We really did have so much to be thankful for this Thanksgiving. And, I think I had a decent excuse for not posting for the last 2 weeks - I finally really went into labor on the 18th.
It is now December 1st, meaning that I had a baby last month. Okay, our blessing was born on November 19, and she is now 12 days old. Almost exactly, at the time of this post. She was born at 12:53 pm. And in a way that I had honestly come to think would never happen – from me.
She is the perfect combination of my husband and I. Taylor (the hubs) says that she got the best parts of each of us. I don’t know if that’s true, but our features mixed together on her little body do seem quite perfect. And she can do things that I never imagined a newborn can do. She can smile and coo (okay, so I knew they could do that; although I thought it was always just gas – she does it in response to our voices), she can copy our expressions (including sticking her tongue out – so funny!), and she can make me want to laugh and cry and sing all at the same time.
|And then there were 3... :)|
I’ve come to the conclusion that many people take their children for granted. For some, it was as easy as granted, and still others - easier! - little accidents turned surprises. (You know the difference between an accident and a surprise? An accident is something that you would change if you had it to do over again. Therefore, all "accidents" should be viewed as amazing surprises!) I know that there are many people who say that once you have your child, you can’t imagine your life without them. For me, I just feel like she’s been here for a lot longer than she has (at the same time as hardly being able to believe that she is already almost 2 weeks old!). For me though, it’s not about imagining my life without her. I did that. I went through a time where I had to imagine a life without her – a life in which my husband and I could not ever have the joy that comes from having a beautiful child to call our own. So for me, it’s not so much that feeling of not being able to imagine life without them as it is that I could never have imagined how much bigger my heart feels, how much fuller my life is – just because she is in it.
|Sprinkled with rose petals from one of the|
roses her daddy gave me.
People who have never had to experience the torture of infertility may not understand where I am coming from. I’ve kind of thought about it as an analogy: you hear about all these people going to Australia. You hear it’s an awesome place to go and visit. You listen in awe at the stories people share of their trials and triumphs once they get to Australia. You hear people talk about how easy it is to get there. Some people simply say they plan to visit and bam! They’re there. Like there’s some secret back door from where we are that magically opens for some people to get there. They don’t have to spend any time or money getting there (of course, once you’re there, no matter how you got there – there are expenses, but I’m talking about getting there). These people have no idea how difficult the journey can be for others. I don’t begrudge them the happiness they get, but I won’t lie and say it doesn’t encourage a twinge of jealousy and sometimes even, heartbreak for those who can't find that easy passage.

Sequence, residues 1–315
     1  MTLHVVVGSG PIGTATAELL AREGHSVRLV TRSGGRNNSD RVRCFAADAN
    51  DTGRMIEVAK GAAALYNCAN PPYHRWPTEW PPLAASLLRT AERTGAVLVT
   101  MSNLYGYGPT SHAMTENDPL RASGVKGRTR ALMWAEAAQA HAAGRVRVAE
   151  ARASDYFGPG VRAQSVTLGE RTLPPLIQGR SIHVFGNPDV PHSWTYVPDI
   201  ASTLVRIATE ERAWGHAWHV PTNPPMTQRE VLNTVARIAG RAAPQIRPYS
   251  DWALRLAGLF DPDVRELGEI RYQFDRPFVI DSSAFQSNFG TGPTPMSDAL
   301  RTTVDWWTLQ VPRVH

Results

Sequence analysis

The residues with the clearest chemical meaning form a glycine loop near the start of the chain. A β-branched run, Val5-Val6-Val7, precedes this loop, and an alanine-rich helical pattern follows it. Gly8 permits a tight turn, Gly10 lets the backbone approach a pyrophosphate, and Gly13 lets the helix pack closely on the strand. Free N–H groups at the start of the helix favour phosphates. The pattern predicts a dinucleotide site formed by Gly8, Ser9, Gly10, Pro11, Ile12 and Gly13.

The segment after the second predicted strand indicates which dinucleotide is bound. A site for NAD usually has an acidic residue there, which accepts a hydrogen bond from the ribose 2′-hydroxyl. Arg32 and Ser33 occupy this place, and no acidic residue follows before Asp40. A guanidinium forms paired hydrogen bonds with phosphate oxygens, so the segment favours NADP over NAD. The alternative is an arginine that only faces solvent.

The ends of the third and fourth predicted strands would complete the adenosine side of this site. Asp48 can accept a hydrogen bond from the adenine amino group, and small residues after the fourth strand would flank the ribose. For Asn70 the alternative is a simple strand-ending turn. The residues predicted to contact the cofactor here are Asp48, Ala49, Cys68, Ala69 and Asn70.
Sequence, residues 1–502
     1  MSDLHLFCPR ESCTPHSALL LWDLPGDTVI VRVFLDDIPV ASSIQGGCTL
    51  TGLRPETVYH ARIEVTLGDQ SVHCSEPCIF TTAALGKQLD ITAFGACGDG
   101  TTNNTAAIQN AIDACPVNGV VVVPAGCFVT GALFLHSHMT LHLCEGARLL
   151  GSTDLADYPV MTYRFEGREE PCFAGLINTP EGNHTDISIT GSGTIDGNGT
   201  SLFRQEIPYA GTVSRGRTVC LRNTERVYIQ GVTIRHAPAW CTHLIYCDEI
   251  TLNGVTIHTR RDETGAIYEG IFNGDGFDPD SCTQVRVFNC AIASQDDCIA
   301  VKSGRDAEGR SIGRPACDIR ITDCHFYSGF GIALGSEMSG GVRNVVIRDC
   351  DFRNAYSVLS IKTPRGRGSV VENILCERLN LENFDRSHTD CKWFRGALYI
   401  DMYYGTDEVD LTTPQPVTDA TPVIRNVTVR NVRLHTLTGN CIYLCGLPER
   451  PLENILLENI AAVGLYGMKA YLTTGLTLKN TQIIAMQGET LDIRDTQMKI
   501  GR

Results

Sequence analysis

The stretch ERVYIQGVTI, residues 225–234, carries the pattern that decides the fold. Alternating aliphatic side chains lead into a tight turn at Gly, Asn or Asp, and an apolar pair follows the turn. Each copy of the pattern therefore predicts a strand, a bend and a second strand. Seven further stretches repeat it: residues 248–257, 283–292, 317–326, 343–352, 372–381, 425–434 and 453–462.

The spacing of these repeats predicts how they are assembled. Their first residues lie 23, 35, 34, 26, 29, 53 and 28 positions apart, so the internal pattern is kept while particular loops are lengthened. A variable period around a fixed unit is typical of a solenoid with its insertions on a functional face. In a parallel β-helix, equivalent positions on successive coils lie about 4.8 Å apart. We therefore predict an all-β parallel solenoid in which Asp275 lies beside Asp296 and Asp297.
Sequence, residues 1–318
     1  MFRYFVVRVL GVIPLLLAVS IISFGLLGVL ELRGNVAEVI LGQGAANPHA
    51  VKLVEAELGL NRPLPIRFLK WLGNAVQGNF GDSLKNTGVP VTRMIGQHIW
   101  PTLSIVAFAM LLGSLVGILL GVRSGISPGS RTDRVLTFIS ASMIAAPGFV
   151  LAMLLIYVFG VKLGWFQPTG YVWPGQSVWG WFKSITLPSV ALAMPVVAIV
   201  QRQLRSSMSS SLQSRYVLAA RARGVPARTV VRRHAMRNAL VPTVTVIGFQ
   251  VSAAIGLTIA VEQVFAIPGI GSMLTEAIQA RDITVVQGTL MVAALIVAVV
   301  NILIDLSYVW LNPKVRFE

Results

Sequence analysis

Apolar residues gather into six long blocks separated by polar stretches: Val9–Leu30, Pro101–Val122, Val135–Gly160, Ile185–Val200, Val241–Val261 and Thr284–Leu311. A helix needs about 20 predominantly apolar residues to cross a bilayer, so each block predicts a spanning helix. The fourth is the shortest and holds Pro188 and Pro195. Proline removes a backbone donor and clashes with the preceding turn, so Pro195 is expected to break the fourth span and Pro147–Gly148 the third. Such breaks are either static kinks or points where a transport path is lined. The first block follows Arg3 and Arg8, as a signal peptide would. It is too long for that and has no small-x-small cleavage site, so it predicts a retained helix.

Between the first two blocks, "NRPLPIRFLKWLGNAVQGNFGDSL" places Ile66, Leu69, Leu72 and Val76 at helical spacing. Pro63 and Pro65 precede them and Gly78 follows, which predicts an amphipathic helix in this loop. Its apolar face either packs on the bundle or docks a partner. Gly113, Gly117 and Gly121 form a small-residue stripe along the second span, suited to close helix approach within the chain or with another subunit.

Anyway, next there are those who have to work a little harder – those that have to plan and schedule and buy plane tickets and arrange and re-arrange flights and connectors. For these, it is a bit more frustrating. It takes a little more time. It takes a little more expense. But, they get there. And because it is a different trek, these are the people who experience the trip quite differently than the previous crowd. (For example, these people may go through a round of infertility or may choose adoption.) But still, they get to Australia and get there without too many interruptions or heartaches.
Then, there’s a third group of people - people like us, I think. And maybe I’m being a tad melodramatic, but it’s my blog, and therefore my prerogative. But, the final group (that actually make it to Australia) are those that travel by boat. This is a long, hard journey. It has dips, twists, and turns. Sometimes, you even have to go back and start over at the beginning. (Adoptions fall through, foster children go back to birth parents, infertility treatments that appear to succeed result in miscarriages, etc.) Those that have experienced these things – they are the ones who know my journey. But alas, as I look into the eyes of my newborn baby girl… who already has the most awesome unconditional love, both from me and for me… I know – I have made it to Australia.
I'm sure that I am still an over-emotional wreck from my recent delivery (and my lack of sleep, of course), but I know that my husband and I are lucky, and we couldn’t love her more if this love bursting from us were on purpose. But, you can’t control it. It’s almost as if you didn’t even know that the place they fill in your heart existed. I think I got a glimpse of it during pregnancy. Well, looking back, I know I did – I loved her before I met her. But I didn’t know how deep that place in my heart ran… not until the first moment that they held her up over the sheet, and I got to lay my unworthy eyes on her.